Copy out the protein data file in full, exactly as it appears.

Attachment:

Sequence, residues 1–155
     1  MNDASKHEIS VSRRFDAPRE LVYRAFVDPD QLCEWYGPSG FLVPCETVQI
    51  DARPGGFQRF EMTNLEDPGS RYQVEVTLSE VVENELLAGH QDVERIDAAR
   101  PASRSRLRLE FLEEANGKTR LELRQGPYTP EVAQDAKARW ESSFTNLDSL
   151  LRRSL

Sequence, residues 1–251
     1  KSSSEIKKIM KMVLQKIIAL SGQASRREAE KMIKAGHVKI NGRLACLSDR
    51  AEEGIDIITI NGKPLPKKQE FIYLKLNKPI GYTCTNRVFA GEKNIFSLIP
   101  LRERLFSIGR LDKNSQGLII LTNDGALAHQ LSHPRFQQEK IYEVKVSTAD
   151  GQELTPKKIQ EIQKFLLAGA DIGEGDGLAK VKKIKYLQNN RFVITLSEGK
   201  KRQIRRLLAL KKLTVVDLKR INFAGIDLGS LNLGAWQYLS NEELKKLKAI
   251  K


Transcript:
Sequence, residues 1–155
     1  MNDASKHEIS VSRRFDAPRE LVYRAFVDPD QLCEWYGPSG FLVPCETVQI
    51  DARPGGFQRF EMTNLEDPGS RYQVEVTLSE VVENELLAGH QDVERIDAAR
   101  PASRSRLRLE FLEEANGKTR LELRQGPYTP EVAQDAKARW ESSFTNLDSL
   151  LRRSL

Sequence, residues 1–251
     1  KSSSEIKKIM KMVLQKIIAL SGQASRREAE KMIKAGHVKI NGRLACLSDR
    51  AEEGIDIITI NGKPLPKKQE FIYLKLNKPI GYTCTNRVFA GEKNIFSLIP
   101  LRERLFSIGR LDKNSQGLII LTNDGALAHQ LSHPRFQQEK IYEVKVSTAD
   151  GQELTPKKIQ EIQKFLLAGA DIGEGDGLAK VKKIKYLQNN RFVITLSEGK
   201  KRQIRRLLAL KKLTVVDLKR INFAGIDLGS LNLGAWQYLS NEELKKLKAI
   251  K